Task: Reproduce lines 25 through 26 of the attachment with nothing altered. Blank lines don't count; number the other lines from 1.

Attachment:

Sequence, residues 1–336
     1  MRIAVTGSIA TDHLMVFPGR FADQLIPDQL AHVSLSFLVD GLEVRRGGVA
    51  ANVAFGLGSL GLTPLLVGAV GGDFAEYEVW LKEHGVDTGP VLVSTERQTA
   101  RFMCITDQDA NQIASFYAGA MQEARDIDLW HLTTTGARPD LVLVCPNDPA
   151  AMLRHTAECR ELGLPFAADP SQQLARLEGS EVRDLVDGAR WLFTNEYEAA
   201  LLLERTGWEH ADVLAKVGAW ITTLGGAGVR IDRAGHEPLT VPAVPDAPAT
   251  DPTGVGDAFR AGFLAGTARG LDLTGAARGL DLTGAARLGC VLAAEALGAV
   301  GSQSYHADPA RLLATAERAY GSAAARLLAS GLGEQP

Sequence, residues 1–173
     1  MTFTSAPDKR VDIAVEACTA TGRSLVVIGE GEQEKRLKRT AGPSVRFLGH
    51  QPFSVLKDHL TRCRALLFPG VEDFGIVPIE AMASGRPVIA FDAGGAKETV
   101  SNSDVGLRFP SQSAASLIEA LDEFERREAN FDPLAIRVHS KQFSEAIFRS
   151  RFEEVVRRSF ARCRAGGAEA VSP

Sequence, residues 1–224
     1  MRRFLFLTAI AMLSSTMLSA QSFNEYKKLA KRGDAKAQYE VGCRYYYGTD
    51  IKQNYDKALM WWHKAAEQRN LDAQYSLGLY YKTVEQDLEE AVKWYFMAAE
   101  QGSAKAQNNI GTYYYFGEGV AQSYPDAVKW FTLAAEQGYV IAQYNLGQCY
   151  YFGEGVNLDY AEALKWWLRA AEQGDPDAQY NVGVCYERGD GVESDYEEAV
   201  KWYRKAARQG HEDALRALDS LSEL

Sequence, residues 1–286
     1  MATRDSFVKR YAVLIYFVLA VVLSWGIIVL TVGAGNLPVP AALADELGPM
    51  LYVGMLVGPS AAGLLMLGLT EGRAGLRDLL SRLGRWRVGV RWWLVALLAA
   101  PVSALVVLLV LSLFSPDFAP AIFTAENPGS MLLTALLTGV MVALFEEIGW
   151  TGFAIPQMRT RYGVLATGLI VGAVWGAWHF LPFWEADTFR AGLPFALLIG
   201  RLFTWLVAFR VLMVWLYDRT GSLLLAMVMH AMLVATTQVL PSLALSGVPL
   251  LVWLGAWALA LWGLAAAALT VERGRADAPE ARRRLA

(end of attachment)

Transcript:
   201  RLFTWLVAFR VLMVWLYDRT GSLLLAMVMH AMLVATTQVL PSLALSGVPL
   251  LVWLGAWALA LWGLAAAALT VERGRADAPE ARRRLA